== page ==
When Not To Use Leverage In Commercial Real Estate

Oct 13, 2016

It’s a common saying among commercial real estate investors that leverage is the best way to improve a property. It’s because you are able to yield while freeing up cash for other investments. This is true in some cases, but sometimes, income property owners assume that the more leverage they can get, the better.

The idea is the cash that is not dropped into an investment can be spread out to purchase several other properties instead. It will leave the investor with a larger portfolio and a higher overall return.

However, assuming that leverage is always good and failing to run the numbers can cause a situation where the property loses money.

In the article below, you’ll learn how to calculate leverage, what positive leverage is, how much debt is too much debt, and how to ensure you don’t end up on the losing end of a bad deal.

What Is Positive Leverage?

Leverage is the process of taking on debt, either through a mortgage through private lenders, in order to pay a portion of the purchase cost of a commercial property. If the rate of return increases when debt is placed on the property, its called positive leverage. It’s the cost of borrowing the money is less than the return on the property.

The chart below shows two scenarios. The first one is where the property’s paid cash and the second is the property’s placed debt, as a result of positive leverage.

Positive Leverage All Cash
Cost of Property $2,500,000 $2,500,000
Loan Amount (I/O 5.5%) $1,500,000 none
Net Operating Income $175,000 $175,000
Debt Service $82,500 none
Cash Flow $92,500 $175,000
Cash on Cash $92.5K/$1M= 9.25% $175K/$2.5M=

7%

Arbitrage 2.25%

What Is Negative Leverage?

In negative leverage, the cash on cash return is less in the leveraged situation than in the all-cash situation. This occurs when the interest on the loan is higher than the property’s returns.

disadvantages of leverage in cre

For example, in the case above, there is positive leverage when the interest rate is at 5.5%. But the situation changes drastically when the interest is just one and a half percent higher.

Negative Leverage All Cash
Cost of Property $2,500,000 $2,500,000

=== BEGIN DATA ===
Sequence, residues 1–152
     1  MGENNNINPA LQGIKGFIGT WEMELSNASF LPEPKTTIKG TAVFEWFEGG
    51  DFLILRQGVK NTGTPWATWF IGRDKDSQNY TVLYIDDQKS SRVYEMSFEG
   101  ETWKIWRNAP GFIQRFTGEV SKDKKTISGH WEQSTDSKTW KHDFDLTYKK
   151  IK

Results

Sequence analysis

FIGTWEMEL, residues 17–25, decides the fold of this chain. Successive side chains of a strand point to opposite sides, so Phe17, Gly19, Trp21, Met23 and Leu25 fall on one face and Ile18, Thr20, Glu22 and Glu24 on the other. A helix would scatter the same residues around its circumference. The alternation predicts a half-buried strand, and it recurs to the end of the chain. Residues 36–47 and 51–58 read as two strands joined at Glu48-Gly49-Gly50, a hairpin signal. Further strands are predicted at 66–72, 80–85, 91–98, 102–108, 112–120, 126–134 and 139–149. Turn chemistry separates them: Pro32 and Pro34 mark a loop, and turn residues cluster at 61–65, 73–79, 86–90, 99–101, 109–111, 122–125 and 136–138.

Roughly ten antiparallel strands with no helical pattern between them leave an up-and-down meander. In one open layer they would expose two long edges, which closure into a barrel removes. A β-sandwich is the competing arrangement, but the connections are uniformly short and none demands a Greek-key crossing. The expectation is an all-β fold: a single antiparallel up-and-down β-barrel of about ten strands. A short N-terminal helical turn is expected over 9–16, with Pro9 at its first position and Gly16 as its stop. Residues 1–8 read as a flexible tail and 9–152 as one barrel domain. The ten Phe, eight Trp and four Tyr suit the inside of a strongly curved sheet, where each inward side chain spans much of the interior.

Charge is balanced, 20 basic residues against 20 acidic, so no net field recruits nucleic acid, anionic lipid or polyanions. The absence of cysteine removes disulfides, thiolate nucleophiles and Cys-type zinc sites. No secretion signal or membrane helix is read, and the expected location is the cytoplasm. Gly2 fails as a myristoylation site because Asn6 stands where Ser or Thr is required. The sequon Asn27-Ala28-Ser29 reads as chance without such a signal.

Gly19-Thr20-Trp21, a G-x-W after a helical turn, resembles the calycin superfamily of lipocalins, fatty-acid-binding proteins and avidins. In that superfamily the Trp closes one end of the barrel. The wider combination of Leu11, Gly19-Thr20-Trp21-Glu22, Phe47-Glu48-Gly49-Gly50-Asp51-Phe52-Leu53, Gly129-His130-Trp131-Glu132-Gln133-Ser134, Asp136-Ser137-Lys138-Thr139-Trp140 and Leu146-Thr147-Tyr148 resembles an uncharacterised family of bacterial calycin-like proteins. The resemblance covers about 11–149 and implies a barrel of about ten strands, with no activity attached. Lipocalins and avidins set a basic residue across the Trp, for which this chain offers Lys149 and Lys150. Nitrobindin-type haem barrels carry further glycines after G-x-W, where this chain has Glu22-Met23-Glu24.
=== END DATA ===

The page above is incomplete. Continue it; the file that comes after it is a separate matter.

Loan Amount (I/O 8%) $1,500,000 none
Net Operating Income $175,000 $175,000
Debt Service $120,000 none
Cash Flow $55,000 $175,000
Cash on Cash $55K/$1M= % $175K/$2.5M=

7%

Arbitrage – 5.5%

The case above now becomes a situation of negative leverage, with a significant loss incurred.

How Can You Avoid Negative Leverage?

It’s tempting to consider one factor when deciding whether or not to use leverage. However, in the same way, that the value of an investment property is more than it’s CAP rate, there is more than one number to consider to avoid negative leverage.

The CAP rate should be higher than what is termed the ECD, or the Effective Cost of Debt. The Effective Cost of Debt takes into account costs in addition to the interest rate, namely loan points, and prepayment penalties. This gives you the actual cost you’ll need to pay when taking on extra debt.

Thus, ECD = interest rate + loan points + prepayment penalty.

Prepayment penalties, which typically occur before year ten of a loan, can create a significant impact on the ECD. So if you plan on selling the property before that, you’ll want to take this into account.

The other points to consider even in a positive leverage situation, are the higher mortgage payments you’ll be forced to make. This could become a problem if you need to do major repairs. Or if the market turns and the property suffers from lower vacancy rates.

Also, don’t be tempted to overpay for a property because you’ll be rolling the extra money into a loan. It will wreak havoc with your projected income since appreciation will actually be much less than it should be.

Even if appreciation has been high in the past, there is no guarantee that those rates will continue: you might be forced to carry a loss if the market is weak or the property or ends up needing significant renovations to achieve maximum value.

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